Mister Casey told his fireman, get his boiler hot.
Put on your water, put on your coal.
Put your head out of the window, see my drivers roll.
See my driver roll.
Put your head out of the window, see my driver roll.

Lord, some people say that Mister Casey couldn't run.
Let me just tell you what Mister Casey done.
He left Memphis, it was quarter to nine.
Got to Newport News, it was dinnertime.
It was dinnertime.
Got to Newport News, it was dinnertime.

I've sold my gin, I've sold it straight.
Police run me to my woman's gate.
She comes to the door, she nod her head.
She made me welcome to the foldin' bed.
To the foldin' bed.
Made me welcome to the foldin' bed.

Lord, the people said to Casey "You're runnin' over time."
"You'll have another loser with the one-o-nine."
Casey said, "This ain't in mind.
I'll run it in close just to make my time."
Said to all the passengers, "Better keep yourself hid
Naturally gonna shake it like Chainey did."
Like Chainey did.
Naturally gonna shake it like Chainey did.

Mister Casey run his engine within a mile of the place.
Number four stared him in the face.
The depot told Casey, "Well, you must leave town."
"Believe to my soul I'm Alabama bound."
"Alabama bound."
"Believe to my soul I'm Alabama bound."

Missus Casey said she dreamt a dream,
The night she bought her sewin' machine.
The needle got broke, she could not sew.
She loved Mister Casey, 'cause she told me so.
Told me so.
Loved Mister Casey, 'cause she told me so.

There was a woman name Miss Alice Fry.
Said, "I'm gonna ride with Mister Casey 'fore I die.
I ain't good looking but I take my time.
A rambling woman with a rambling mind.
Got a rambling mind."

Casey looked at his water, water was low.
Looked at his watch, his watch was slow.

On the road again.
Natural born Eastman on the road again.

Lord, there's people tell by the throttle moan,
The man at the fire's Mister Casey Jones.
Mister Casey Jones.

Mister Casey said, before he died,
One more road that he wants to ride.
People tells Casey, "Which road is he?"
"The Southern Pacific and the Santa Fe.
Santa Fe."

This mornin' I heard someone was dyin'.
Missus Casey's children on the doorstep cryin'.
Mama, mama, I can't keep from cryin',
Papa got killed on the Southern line.
On the Southern line.
Papa got killed on the Southern line.

"Mama, mama, how can it be?
Killed my father and you weren't the first to grieve?"
"Children, children want you to hold your breath.
Draw another pension from your father's death.
From your father's death."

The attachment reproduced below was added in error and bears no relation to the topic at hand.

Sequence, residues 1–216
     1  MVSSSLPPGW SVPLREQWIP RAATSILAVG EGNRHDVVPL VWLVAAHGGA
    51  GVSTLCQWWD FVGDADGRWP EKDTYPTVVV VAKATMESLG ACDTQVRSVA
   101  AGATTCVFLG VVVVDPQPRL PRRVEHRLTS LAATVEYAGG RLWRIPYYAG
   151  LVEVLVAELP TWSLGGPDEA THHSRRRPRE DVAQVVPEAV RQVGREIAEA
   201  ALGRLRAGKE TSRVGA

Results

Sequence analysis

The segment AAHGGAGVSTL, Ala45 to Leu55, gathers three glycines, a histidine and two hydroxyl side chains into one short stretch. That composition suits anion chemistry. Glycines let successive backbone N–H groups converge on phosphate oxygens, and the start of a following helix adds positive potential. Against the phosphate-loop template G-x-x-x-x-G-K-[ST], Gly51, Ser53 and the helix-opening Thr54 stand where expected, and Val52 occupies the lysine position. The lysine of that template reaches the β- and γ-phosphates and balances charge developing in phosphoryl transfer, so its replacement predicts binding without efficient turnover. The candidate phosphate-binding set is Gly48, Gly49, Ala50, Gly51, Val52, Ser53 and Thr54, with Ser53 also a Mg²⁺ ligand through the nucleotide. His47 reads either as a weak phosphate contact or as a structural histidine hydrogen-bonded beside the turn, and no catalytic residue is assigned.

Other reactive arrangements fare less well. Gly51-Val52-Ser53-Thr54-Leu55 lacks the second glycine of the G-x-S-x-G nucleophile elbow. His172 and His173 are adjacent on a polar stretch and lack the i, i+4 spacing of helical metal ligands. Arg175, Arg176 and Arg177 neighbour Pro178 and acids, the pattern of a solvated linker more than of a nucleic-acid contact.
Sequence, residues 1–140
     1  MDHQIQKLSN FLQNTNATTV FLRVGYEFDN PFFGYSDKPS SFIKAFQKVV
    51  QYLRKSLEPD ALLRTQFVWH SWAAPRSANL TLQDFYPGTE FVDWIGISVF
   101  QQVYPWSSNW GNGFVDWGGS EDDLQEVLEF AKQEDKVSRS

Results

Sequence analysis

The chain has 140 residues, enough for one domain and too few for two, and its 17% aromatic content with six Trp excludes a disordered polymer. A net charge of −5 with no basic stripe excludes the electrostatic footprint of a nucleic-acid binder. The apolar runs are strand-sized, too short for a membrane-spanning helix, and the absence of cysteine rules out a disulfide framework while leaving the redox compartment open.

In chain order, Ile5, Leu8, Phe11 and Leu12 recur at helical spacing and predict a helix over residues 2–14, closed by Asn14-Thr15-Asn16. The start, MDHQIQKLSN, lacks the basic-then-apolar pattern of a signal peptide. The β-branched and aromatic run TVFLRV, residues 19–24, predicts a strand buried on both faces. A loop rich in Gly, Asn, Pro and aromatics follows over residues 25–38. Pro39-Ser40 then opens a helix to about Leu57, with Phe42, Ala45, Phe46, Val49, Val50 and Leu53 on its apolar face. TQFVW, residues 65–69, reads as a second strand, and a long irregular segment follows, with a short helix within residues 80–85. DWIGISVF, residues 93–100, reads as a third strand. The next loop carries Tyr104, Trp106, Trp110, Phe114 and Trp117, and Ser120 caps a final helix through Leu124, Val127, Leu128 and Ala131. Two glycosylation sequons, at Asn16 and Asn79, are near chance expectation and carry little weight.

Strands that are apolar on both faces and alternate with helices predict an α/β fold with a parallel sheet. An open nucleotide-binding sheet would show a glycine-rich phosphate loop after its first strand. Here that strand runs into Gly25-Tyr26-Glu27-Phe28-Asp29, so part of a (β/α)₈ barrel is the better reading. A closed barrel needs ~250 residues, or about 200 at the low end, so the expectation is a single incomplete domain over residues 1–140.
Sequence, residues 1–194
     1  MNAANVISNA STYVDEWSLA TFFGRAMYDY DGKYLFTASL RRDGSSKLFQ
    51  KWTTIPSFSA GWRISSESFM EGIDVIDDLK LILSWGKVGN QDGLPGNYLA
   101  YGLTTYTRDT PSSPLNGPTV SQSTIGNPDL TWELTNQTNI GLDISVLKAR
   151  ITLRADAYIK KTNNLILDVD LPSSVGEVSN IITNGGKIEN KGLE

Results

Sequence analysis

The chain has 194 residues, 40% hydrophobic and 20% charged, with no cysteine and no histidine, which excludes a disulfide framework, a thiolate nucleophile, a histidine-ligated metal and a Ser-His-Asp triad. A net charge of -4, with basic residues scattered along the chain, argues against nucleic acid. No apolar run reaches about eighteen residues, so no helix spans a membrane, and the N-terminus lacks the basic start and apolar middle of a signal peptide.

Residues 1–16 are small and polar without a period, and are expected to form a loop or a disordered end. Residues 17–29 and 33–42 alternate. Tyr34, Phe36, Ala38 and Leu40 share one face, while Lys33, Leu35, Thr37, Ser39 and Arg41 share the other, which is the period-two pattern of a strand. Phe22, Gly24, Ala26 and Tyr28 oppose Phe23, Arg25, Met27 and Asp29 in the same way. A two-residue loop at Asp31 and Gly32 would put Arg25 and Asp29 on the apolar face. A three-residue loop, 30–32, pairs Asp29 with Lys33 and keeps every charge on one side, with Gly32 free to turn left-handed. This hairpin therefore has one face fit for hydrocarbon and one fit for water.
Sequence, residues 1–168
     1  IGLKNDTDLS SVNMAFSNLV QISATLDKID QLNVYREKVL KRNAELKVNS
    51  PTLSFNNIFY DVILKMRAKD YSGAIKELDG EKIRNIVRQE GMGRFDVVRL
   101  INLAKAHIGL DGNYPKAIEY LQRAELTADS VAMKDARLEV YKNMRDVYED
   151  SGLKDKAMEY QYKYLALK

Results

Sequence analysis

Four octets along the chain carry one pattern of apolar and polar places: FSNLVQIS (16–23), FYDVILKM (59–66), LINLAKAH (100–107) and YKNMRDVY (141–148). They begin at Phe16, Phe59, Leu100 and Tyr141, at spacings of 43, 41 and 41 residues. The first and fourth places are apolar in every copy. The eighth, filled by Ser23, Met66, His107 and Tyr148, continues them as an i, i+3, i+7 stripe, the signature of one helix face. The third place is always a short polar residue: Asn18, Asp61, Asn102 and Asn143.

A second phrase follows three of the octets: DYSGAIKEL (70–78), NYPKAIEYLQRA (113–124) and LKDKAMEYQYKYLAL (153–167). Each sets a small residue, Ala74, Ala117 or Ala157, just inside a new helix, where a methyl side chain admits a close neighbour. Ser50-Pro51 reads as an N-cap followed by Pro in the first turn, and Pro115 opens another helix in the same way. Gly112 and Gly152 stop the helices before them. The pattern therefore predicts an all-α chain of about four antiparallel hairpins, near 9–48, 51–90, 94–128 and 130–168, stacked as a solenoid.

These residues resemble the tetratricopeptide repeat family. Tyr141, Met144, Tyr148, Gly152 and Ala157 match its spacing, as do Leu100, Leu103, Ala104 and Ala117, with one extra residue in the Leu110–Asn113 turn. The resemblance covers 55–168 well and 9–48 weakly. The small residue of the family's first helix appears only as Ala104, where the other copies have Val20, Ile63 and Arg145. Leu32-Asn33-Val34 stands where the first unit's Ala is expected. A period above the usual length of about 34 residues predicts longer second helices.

On the road again.
I'm a natural born Eastman on the road again.

Tuesday mornin', it looked like rain.
Around the curve came a passenger train.
Under the boiler lay Mister Casey Jones.
Good old engineer, but he's dead and gone.
Dead and gone.

On the road again.
I'm a natural born Eastman on the road again.

I left Memphis to spread the news.
Memphis women don't wear no shoes.
Had it written in the back of my shirt,
Natural born Eastmen don't have to work.
Don't have to work.
I'm a natural born Eastman, don't have to work.

Lewis's version of this song is curious for a number of reasons. For one thing, the viewpoint character of the song is apparently unconnected to the events surrounding the death of Casey Jones. Not only is the speaker unconnected to Jones and his death, he also appears entirely unconcerned. The song alternates between snapshots of Jones in his engine or of Jones's family with completely unrelated material, such as the revelation that "Memphis women don't wear no shoes." The speaker also declares himself a "natural born Eastman" a number of times (one assumes that Lewis means that the speaker - like himself - was born in the eastern United States. Although why this should mean that he "don't have to work" is unclear), which has no clear connection to the story of Casey Jones. In fact, the most significant event in Jones's story - his death - happens "off stage" in Lewis's song. We only hear of Jones's death in the second part of the song from one of Jones's children. This rambling narrative, peppered as it is with non sequiturs, and sung in a laconic tone contrasts sharply with the moralizing tone of "Engine One-Forty-Three." Unlike that train-disaster song, there is no moral to the death of Casey Jones. But while the song omits a moral, it also makes no mention of Jones's heroism. It is much closer, then, in spirit to "When That Great Ship Went Down", suggesting that blacks felt that these tragedies were not THEIR tragedies (unlike the death of John Henry or the crimes of Stackalee and Frankie).